Deux sens du décoratif
Jean-Marie Apriou, Ines Doujak, Than Hussein Clark, Thomas Jeppe, Anna Solal
Commissaire de l'exposition : Michal Novotný
02.06.2018 – 18.08
The word decorative has two meanings, either generally embellishing, or more exactly ornamental.
Even though we can consider major part of art history as decorative, speaking nowadays about decorative in relation to fine art, often means a pejorative judgment in regard to some way of cheap attractiveness without complexity, taste and content.
Certain unspoken preconditions constructed in 20th century on which contemporary art still stands, share striking similarities with the roots of modern science. Art asks for the ever proclaimed independence, from market, public and politics, and the consideration of quality that is supposed to be only based on the expert view of its own ever-expanding field. This formerly liberating conditions progressively constituted an entire ideology of art, that rather than reflecting and stimulating art research, precedes it, shapes it and justifies it. In the very same manner as is the notion of the neutral form so closely linked to conceptual art, or the purity of form that serves as the firm ground for all reductive strategies since the early abstraction, this two as many other ideologies controls how art looks and is being judged and perceived.
What connects all those ideologies as a rooting axiom is nonetheless not the idea of art as rational logical activity, although it is one of the most important ones. As even its negations such as the “irrational” art brut can only exist in relation to the rationally build art history lineage, similarly to all the other binary oppositions, the inexhaustible source of rapidly accelerating movement between low and high, old and new. It is rather the general notion of good and bad art, art whose quality is not shaped by the dialectical materialism of supporting infrastructures, means of circulation and commodification, but quality that somehow transcendentally emanates from its very core. This once more resembles so closely the idea of objective truth, that the enlightenment science uninfluenced by political or economical means was experimentally supposed to discover in a laboratory, so similar to the modern exhibition space.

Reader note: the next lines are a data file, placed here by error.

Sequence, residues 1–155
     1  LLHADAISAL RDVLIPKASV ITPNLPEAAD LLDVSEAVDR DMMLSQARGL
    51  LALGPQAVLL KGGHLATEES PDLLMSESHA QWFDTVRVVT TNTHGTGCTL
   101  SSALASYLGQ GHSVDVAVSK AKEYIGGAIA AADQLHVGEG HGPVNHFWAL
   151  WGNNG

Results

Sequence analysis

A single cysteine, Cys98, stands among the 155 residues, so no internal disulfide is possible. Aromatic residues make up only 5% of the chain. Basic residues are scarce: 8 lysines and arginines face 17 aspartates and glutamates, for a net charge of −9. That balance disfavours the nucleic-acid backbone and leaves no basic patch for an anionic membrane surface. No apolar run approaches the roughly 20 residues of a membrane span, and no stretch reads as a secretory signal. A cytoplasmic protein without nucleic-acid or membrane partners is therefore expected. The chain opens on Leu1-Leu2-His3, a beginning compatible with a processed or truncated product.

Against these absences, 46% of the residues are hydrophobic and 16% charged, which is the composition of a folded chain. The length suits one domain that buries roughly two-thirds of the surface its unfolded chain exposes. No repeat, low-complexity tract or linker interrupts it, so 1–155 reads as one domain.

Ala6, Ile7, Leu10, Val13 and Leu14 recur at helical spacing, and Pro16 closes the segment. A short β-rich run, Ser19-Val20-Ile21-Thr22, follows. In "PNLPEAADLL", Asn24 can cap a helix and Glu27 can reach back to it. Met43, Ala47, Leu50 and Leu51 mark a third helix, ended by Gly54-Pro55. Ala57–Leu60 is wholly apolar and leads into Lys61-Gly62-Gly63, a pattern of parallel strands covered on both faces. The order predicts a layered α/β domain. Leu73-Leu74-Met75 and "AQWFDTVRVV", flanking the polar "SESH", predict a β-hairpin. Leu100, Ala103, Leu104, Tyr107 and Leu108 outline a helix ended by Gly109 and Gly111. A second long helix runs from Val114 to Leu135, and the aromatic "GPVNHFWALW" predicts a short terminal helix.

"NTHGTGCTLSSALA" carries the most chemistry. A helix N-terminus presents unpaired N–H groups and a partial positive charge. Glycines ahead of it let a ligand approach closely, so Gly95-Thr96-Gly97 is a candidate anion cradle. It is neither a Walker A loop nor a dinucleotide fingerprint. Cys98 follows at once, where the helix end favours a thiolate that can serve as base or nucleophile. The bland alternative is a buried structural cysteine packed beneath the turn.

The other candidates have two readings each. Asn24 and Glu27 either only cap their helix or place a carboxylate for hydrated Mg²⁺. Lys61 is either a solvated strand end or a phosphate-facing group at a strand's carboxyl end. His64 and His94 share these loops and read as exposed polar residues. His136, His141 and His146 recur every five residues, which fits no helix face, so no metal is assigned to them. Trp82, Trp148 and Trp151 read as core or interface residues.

Nonetheless the aim of this exhibition is not to insert the decorative back into the fine art. That have been already happening many times in recurrent fashions and only served to confirm the above mentioned logic, a never ending cycle in which refusing is in consequence equal to accepting. The aim is rather to pull down the fine art back to the point of the decorative, against which it in pretence positioned itself, but on which level, as a product only allowed by the existence of different interests, it had ever remained.
Decorative in both of its senses is therefore used here as a metaphor of an attack on the proclaimed autonomy of work of art, autonomy completely constructed by supporting ideologies.
The decorative from its very notion doesn’t embellish itself, but something else. Instead of separating itself, it is capable to perform in different contexts and functions. It doesn’t hide its serving status, the different ways of utility that allows it to exist. It doesn’t aim for some sort of independent truth, but much the same as theatre, it creates a confessed lie or rather – assumed illusion, that should nevertheless not be mistaken for relativist free interpretation.
The ornamental consequently operates in gathering different elements into a larger whole. Ornamental structure is not supposedly invisible support for its parts, but creates aesthetic balance that allows us to switch between the part and the whole. Ornamental is capable of abstraction within figuration, is not scared to manipulate openly but with regard to overall meaning. Thus it once more overcomes the divide in quest for imagined purity and/or totality. In this way it also rejoins content and form, so many times in different hierarchical combinations divided.
Although some of the participating artists deals with something that can be considered decorative or ornamental by the plain sight, what deeply connects the works and artist in this exhibition is the effort to deconstruct the axioms and normatives that had been set in quest for liberation, but ended in oppression.
Decorative in this sense means not being scared of being used, or rather utilised, however not necessarily with the accent on any practical or functional dimension, that would once more constitute the rift between fine and minor arts and other hierarchies based on quality of relation. Consequently ornament as away of ordering does not constitute an ideology that is qualitatively better than the ones based on interpretation and classification, only it does not pretend to reach some sort of invisible core of things, but openly emphasize its framework operating via its own logic of intensity, rhythm and repetition.